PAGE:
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Published: 05 March 2019
Author: Sharon Barnes
Survivors of sex abuse have already been traumatised so why should their perpetrator be involved with a victims application for assistance? Many will argue that the experience will only re-traumatise the survivor.
Not everyone has had court experience and it can be intimidating even if you are not the one facing charges. Generally, very sensitive topics are discussed and this in itself can be traumatising and intimidating.
If there is no conviction for a crime for which you have lodged a Victims of Crime Application, then the Victims of Crime Assistance Tribunal may choose to notify the alleged offender of the application and they then may opt to be a part of the proceedings. They don't have to respond but if they do, they may be involved and this often leads to a victim withdrawing their application without even having the chance of their day in court.
The survivor should always be given notice if the alleged offender is going to be notified and they have the opportunity to make a submission against the notification and the decision is then made by the Tribunal member. If the alleged offender is going to be notified the victim does have the opportunity to withdraw their application.
If the alleged offender is notified and they respond to be a part of the application, the Victims of Crime Assistance Tribunal will list the matter for a Directions Hearing to sort out how the matter will proceed. The victim does not have to attend the Directions Hearing but they can be represented by the Lawyer.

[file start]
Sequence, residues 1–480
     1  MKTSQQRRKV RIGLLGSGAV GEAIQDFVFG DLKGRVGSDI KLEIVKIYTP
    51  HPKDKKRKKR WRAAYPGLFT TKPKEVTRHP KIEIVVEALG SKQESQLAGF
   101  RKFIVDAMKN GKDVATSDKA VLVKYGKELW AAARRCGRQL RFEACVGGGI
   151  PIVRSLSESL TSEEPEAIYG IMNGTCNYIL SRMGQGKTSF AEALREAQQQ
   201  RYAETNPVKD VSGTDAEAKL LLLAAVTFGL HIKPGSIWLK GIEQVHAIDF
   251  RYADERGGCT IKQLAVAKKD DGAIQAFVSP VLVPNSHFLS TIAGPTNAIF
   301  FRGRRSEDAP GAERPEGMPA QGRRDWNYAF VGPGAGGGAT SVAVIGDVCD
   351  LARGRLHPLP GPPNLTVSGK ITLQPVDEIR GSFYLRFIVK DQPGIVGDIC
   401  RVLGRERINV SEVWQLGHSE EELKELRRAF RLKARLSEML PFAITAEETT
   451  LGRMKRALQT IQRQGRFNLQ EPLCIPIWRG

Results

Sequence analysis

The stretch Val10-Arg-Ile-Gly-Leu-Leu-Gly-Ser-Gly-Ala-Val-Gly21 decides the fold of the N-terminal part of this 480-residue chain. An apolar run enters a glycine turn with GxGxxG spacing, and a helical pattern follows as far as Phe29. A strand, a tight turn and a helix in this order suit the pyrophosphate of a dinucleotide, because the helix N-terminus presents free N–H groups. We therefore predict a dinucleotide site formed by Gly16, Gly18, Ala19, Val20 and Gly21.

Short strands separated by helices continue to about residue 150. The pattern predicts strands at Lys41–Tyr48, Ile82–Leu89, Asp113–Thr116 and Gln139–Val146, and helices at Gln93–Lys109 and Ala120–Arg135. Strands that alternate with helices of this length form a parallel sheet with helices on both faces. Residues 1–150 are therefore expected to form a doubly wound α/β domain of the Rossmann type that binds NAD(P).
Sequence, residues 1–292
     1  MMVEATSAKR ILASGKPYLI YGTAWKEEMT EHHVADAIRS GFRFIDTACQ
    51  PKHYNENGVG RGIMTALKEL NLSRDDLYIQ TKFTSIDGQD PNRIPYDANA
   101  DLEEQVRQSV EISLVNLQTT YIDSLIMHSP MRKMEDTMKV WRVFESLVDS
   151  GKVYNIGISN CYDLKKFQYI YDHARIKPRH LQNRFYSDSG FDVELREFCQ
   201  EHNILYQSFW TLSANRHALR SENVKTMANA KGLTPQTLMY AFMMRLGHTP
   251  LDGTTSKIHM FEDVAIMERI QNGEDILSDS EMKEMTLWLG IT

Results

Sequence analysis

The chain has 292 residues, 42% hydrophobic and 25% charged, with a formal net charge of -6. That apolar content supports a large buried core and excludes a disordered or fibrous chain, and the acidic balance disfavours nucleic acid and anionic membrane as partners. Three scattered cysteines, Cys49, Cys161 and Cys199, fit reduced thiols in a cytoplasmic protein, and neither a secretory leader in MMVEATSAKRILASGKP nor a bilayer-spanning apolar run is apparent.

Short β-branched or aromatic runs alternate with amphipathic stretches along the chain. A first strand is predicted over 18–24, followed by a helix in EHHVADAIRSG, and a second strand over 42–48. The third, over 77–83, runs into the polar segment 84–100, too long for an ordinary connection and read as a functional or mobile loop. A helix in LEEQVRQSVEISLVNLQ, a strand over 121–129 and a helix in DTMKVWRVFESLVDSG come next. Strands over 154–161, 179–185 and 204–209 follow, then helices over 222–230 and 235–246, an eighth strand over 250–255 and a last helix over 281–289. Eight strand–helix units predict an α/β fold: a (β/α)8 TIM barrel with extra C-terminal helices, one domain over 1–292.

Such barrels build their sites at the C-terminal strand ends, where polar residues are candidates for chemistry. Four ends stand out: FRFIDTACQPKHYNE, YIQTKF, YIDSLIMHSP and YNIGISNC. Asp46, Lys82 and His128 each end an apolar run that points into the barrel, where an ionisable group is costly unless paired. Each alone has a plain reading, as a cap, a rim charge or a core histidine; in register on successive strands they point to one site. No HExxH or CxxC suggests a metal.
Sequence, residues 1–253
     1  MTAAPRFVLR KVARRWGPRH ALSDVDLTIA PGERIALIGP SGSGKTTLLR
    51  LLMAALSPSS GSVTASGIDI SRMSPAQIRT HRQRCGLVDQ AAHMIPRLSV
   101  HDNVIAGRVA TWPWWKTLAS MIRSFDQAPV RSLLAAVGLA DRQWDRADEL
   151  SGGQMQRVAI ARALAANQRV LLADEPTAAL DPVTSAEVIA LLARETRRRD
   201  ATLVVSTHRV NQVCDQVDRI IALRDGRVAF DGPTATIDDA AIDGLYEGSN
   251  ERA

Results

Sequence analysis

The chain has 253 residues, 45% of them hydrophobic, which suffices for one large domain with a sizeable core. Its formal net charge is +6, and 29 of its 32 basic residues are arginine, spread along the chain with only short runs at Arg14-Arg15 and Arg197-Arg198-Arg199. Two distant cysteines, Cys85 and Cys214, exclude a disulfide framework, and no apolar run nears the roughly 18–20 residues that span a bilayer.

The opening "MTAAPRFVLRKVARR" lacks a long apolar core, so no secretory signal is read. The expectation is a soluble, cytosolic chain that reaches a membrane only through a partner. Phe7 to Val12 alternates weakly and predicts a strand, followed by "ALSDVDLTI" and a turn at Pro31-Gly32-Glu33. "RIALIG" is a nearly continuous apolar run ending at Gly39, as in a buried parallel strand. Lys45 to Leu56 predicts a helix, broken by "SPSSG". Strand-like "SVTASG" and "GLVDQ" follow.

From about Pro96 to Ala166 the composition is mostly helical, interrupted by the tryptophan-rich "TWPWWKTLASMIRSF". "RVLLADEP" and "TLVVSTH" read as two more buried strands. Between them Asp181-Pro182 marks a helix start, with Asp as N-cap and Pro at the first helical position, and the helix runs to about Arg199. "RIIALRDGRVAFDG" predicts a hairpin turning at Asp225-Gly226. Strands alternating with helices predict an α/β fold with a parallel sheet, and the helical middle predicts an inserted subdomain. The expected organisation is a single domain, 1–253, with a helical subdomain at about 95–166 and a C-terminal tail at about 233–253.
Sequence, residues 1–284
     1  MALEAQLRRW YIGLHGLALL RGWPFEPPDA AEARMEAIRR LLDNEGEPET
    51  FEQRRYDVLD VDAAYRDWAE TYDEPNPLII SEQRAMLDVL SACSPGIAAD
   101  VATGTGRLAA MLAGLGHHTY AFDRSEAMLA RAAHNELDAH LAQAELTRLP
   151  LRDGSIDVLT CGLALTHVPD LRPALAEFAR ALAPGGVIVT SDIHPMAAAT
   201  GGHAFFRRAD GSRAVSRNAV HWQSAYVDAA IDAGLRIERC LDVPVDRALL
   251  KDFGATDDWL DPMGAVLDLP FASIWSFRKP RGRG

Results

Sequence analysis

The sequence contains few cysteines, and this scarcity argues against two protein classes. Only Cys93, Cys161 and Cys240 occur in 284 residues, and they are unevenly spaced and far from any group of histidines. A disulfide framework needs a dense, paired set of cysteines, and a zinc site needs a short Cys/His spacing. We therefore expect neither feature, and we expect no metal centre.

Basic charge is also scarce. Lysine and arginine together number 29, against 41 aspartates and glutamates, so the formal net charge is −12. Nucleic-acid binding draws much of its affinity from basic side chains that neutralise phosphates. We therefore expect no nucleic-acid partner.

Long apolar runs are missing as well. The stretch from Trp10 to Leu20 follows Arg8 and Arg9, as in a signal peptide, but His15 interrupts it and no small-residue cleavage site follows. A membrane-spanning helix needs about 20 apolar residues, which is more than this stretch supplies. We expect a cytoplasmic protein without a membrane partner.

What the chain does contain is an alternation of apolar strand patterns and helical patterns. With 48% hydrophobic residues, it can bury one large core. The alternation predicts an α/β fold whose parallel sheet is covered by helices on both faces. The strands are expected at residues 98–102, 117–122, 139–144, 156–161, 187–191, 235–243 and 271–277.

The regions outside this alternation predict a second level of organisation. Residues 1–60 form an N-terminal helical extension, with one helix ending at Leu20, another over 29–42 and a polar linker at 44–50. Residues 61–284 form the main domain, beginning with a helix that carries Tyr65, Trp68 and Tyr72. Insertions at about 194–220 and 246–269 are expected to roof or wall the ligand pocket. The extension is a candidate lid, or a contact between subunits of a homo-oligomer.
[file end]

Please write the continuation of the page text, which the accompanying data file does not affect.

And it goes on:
No, the alleged offender will not have to talk to the victim and often they will not be in the Tribunal at the same time. The survivor can be legally represented and their representation will do all the talking to the alleged offender, so if they are notified the victim is still supported by legal representation which hopefully reduces the stress involved.
The Victims of Crime Assistance Tribunal is there for the victims and in my opinion, it is unnecessary for an offender to be involved.
The Tribunal has access to the police brief and they have medical support as well as having the opportunity to hear evidence from the victim. The burden of proof for a survivor is lower than what it is for criminal charges so with the police brief, medical support and evidence from the victim, there should be enough evidence to support an application without the need of the alleged offender being involved.
Survivors need support and do not need any re-traumatisation so if alleged offenders were not going to be involved the recovery process may be more successful and done in a more timely manner.
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